2.2 Minimal Correction Subsets

The blocked path analysis we describe in Sect. 3 relies on two related concepts: Maximal Satisfiable Subsets (MSS) and Minimal Correction Subsets (MCS), which we define below. Following the definitions from [14]:

Definition 1

(MSS). \(\mathcal {S} \subseteq \mathcal {F}\) is a Maximal Satisfiable Subset of constraints \(\mathcal {F}\) iff \(\mathcal {S}\) is satisfiable and \(\forall c \in \mathcal {F} \setminus \mathcal {S}, \mathcal {S} \cup \{c\}\) is unsatisfiable.

Definition 2

(MCS). \(\mathcal {C} \subseteq \mathcal {F}\) is a Minimal Correction Subset of constraints \(\mathcal {F}\) iff \(\mathcal {F} \setminus \mathcal {C}\) is satisfiable and \(\forall c \in \mathcal {C}, (\mathcal {F} \setminus \mathcal {C}) \cup \{c\}\) is unsatisfiable.

The complement of an MCS, \(\mathcal {F} \setminus MCS(\mathcal {F})\), is guaranteed to be a maximal satisfiable subset of \(\mathcal {F}\); for this reason the MCS is sometimes called the coMSS.Footnote 1

In general, the MCS and MSS are not guaranteed to be unique. There is a close connection between the definition of a Maximal Satisfiable Subset and MaxSAT  [10]: The largest MSS (and therefore smallest MCS) corresponds to a solution to MaxSAT. Indeed, one approach for computing the MCS is to compute MaxSAT and take the complement. Efficient algorithms for directly computing the (not necessarily smallest) MCS without computing MaxSAT are available and are typically much faster than computing MaxSAT; a good survey of MCS algorithms including an empirical evaluation can be found in [14].

In constraint optimization problems, it is common to consider hard and soft constraints, in which only the soft constraints may be relaxed. Definition 2 assumes that all constraints are soft, but can be easily extended to support a mix of soft and hard constraints (where the MCS must contain only soft constraints). In this case, the MCS is only well defined if the hard constraints are satisfiable.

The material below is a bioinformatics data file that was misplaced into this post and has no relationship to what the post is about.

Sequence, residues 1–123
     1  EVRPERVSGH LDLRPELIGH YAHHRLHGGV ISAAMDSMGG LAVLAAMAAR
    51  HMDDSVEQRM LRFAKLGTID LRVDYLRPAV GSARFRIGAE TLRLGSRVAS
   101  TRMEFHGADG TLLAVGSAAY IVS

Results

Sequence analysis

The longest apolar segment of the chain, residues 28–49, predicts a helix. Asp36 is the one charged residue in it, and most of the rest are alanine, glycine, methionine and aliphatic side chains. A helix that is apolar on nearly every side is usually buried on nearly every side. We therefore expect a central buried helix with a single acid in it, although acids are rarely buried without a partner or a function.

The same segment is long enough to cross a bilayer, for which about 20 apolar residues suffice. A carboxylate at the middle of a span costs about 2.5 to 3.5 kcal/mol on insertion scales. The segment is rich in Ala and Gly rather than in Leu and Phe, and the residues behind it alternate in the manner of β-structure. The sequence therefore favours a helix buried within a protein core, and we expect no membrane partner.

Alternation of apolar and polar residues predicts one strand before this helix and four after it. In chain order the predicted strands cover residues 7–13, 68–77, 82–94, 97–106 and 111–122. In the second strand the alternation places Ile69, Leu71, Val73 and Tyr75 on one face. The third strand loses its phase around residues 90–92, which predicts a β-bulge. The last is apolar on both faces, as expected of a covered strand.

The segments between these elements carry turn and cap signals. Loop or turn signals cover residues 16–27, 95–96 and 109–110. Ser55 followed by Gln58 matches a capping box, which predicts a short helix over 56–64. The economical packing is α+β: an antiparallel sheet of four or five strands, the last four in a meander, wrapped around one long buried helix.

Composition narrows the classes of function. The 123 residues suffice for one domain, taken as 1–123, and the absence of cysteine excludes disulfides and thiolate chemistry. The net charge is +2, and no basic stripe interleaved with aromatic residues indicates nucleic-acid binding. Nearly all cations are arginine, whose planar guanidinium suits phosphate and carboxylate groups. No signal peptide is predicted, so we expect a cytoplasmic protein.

In Sect. 4, we will use a function \(\textsc {computeMCS}( Soft , Hard )\) that supports both hard and soft constraints. \(\textsc {computeMCS}\) returns a minimal correction set \(\mathcal {C} = MCS( Soft \cup Hard )\), with \(\mathcal {C} \subseteq Soft \). Our implementation of \(\textsc {computeMCS}\) uses a simple binary search, similar to FastDiag [4], or Algorithm BFD from [14]. We add activation literals to the soft constraints to allow the underlying solver instance to be re-used incrementally while testing different subsets of soft constraints for satisfiability.

2.3 Network Reachability

We use the SMT-encoding of AWS VPC network semantics previously described in Tiros  [2]. In this section, we briefly review this graph-based encoding; we refer readers to [2] for more details.

We take as input a configuration describing one or more user VPCs, and a user-specified reachability query, consisting of a source and destination component in the VPC. For example, the source of the query may be an internet gateway, and the destination may be an EC2 Instance. A query may also optionally specify additional constraints, such as the protocol, a range of source or destination addresses or ports for the packet, or an intermediate component that must (or must not) be on the path.

Fig. 1.
figure 1

Simplified example symbolic graph representation of a VPC (left), with symbolic packet header consisting of bitvectors (right). Edges in the graph are associated with theory atoms, and are traversable only if those atoms are assigned true. Two example constraints, enforcing that a network interface is only accessible if the packet is addressed to/from that interface are shown. These constraints relate edge atoms in the symbolic graph to the bitvectors in the symbolic packet header to enforce AWS VPC semantics.

We encode VPC configurations as constrained symbolic graphs using the SMT solver MonoSAT  [3], with fixed-width bitvectors representing the protocol, port, and addressing information in a symbolic packet header. Figure 1 shows a symbolic graph along with a packet header and example constraints.

VPC components are represented as a nodes in the symbolic graph. Each component has semantics governing which packets it will accept; these semantics are encoded as constraints that restrict which edges incident to that component’s node are traversible, depending on the assignment of the packet header variables. A satisfying assignment to the full set of constraints corresponds to a feasible path. In such an assignment, the bitvector variable assignments provide the packet header(s) and the graph theory model provides a path of network component nodes connecting the source and destination of the user’s query.

Some components (such as NAT gateways) transform and retransmit packets. Tiros supports this by unrolling the VPC configuration graph into multiple copies with separate packet header variables. Edges from packet-transforming components connect to their components in the next unrolled section of the graph. Tiros unrolls the graph to a sufficient depth to model the behavior of the components for each query.